The 2018 edition of the FIFA World Cup was full of drama and upsets. In the end, it was the deeply talented French squad that lifted the coveted trophy.
Highlights from the Group Stages and Knockouts
Although not the first game of the tournament, Spain and Portugal truly kicked things off with a 3-3 thriller, including new Juventus-signee Cristiano Ronaldo’s game-tying, hat-trick sealing goal from a free kick.
After an abundance of late-winners and former-champions Germany bowing out in the group stages, then came the knockout rounds. In just the Round of 16 alone, hosts Russia defeated Spain on penalties; France knocked out Messi’s Argentina in a 4-3 thriller; Belgium defeated Japan after going down by two goals; and England finally won a World Cup penalty shootout.
The drama continued into the quarterfinals, where Belgium defeated Neymar and Brazil 2-1.
Routes to the Final
After being drawn into a strong group alongside Argentina, Nigeria and Iceland, Croatia was dominant. They finished on top of the group with three wins from three, including a 3-0 thrashing of Argentina on matchday two. However, their knockout path to the Final was slightly different.
Although they were on the “easier” side of the bracket, Croatia’s route was far from simplistic. All three of their knockout games went into extra time, including two victories from penalty shootouts against Denmark and Russia.
Who has been better in the #WorldCup? France or Croatia?
— AJE Sport (@AJE_Sport) July 15, 2018
France’s group draw was much more favorable for them than Croatia, as they were grouped with Denmark, Peru and Australia. Although a seemingly easier group, Les Bleus scraped their way through the three matchdays to finish on top with two wins and a draw.
In the knockouts, France’s first task was to knock out Lionel Messi and Argentina; one which they accomplished, but just barely. They won 4-3. Next came Uruguay, who they defeated 2-0, and lastly Belgium, who they beat 1-0.
The World Cup Final
Croatia and France met on Sunday to determine who would be crowned world champions. To compare fitness levels, Croatia had just played three extra-time matches in a row, while France hadn’t. In other words, Croatia played 90 minutes more soccer in three games than France had. While this could be seen as preparation, Croatia no doubt had some tired legs.
Then, there’s a comparison of the squads. While Croatia has a plethora of talent, including Luka Modrić, Ivan Perišić, Ivan Rakitić and Mario Mandžukić, France has talent of its own. Endless talent, in fact. The French squad boasts the likes of Antoine Griezmann, Paul Pogba, N’Golo Kanté, Hugo Lloris, Blaise Matuidi, Kylian Mbappé, Raphaël Varane, Samuel Umtiti and many others.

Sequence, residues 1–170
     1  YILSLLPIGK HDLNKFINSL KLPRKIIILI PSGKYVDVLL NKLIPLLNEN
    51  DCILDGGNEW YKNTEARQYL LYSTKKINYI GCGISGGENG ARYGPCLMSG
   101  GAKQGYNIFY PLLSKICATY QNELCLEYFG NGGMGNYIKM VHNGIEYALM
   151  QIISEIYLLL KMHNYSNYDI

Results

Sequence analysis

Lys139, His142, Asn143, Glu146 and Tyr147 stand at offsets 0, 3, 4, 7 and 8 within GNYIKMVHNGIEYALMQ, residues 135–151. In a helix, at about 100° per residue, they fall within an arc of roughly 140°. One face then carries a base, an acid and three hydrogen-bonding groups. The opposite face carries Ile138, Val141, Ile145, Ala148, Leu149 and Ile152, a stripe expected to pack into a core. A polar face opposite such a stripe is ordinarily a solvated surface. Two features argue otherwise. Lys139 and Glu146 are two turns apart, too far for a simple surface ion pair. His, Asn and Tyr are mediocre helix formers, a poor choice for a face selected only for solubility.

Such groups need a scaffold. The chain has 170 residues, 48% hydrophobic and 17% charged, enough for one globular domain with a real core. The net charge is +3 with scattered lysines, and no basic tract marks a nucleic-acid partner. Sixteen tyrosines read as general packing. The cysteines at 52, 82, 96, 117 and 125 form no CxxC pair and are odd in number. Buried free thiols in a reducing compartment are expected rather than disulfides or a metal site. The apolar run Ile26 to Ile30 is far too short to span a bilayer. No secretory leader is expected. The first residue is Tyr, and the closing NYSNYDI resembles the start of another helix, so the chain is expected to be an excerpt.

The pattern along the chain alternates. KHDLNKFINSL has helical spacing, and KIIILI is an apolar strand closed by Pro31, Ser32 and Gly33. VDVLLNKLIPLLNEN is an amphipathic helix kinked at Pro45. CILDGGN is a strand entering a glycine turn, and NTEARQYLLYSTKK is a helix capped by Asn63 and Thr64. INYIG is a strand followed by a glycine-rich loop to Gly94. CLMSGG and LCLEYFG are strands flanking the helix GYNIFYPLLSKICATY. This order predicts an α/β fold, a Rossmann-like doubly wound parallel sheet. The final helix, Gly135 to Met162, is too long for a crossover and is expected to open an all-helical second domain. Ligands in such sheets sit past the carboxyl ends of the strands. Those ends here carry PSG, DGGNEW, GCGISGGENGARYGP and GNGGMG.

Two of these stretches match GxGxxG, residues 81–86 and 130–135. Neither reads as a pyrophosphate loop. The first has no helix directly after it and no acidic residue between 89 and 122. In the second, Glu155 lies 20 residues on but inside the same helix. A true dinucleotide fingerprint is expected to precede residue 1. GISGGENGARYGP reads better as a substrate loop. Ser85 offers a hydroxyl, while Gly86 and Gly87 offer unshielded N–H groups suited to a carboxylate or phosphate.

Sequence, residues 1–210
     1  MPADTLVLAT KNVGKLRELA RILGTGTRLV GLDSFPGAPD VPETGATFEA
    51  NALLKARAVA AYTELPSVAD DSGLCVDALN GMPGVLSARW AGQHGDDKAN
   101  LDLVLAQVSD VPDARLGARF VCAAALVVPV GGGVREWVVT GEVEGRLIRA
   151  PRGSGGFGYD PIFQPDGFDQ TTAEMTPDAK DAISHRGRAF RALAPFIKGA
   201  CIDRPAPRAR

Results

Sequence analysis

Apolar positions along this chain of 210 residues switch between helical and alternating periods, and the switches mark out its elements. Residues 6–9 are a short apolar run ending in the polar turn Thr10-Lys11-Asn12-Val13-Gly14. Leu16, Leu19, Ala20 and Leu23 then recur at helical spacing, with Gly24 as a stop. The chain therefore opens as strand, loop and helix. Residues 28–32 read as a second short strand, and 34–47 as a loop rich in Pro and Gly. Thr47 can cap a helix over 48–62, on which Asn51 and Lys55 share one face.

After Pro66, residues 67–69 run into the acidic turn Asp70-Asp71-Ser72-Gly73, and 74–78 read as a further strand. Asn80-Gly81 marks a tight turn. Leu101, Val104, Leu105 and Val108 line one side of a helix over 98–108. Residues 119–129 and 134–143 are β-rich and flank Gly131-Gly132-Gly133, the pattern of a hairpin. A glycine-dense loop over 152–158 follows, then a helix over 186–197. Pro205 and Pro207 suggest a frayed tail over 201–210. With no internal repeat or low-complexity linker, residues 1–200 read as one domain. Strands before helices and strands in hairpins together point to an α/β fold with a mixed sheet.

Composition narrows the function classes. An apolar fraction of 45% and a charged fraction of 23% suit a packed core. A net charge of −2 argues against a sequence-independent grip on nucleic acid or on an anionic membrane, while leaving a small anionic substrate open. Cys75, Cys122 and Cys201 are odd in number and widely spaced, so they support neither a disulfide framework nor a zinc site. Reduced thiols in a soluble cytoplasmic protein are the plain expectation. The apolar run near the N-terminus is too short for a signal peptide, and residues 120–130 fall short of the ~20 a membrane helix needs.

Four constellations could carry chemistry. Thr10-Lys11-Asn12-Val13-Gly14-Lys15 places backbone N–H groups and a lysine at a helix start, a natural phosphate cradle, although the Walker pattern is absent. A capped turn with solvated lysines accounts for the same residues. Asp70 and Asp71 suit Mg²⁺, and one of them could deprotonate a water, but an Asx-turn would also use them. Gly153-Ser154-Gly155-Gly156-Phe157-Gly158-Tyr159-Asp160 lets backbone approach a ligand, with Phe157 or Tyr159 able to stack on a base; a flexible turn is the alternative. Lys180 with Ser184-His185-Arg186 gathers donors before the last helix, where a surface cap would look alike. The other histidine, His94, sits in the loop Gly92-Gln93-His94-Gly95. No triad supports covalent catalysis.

The talent and freshness of the French squad was too much for Croatia on the day. Although Croatia had the advantage in most of the stats, including possession (61 percent), total shots (15-8) and corner kicks (6-2), France were more clinical with their chances, with six shots on target to Croatia’s three, according to Bleacher Report.
France was gifted the first goal off of a set piece with Mandžukić heading the ball into his own net in the 18th minute. France’s lead wouldn’t last long, however, as Perišić tied things up 10 minutes with a clinical, left-footed strike. Again, though, the scoreline would only remain for 10 minutes, as Griezmann scored from the penalty spot to give France a 2-1 advantage. The penalty was awarded after VAR review deemed it to be a hand ball in the box from Perišić, who seemed to be unaware of where the ball was.
In the second half, France got two quick goals in the 59th and 65th minutes from Pogba and Mbappé to extend the lead to 4-1 to put things out of reach. Or so everyone though. French goalkeeper Hugo Lloris made a crucial mistake in the 69th minute, gifting Mandžukić a goal. Croatia had a lifeline again.
Mbappe becomes the first teenager to score in a World Cup final since Pele in 1958. Superstar.
— Gary Lineker (@GaryLineker) July 15, 2018
However, ultimately, they were not able to capitalize. The game ended 4-2, and France had won their second World Cup 20 years after their first.
— Equipe de France (@equipedefrance) July 15, 2018
While international soccer competitions will be taking a break for a bit, many of the domestic leagues will start again in August, including the English Premier League and Spanish La Liga.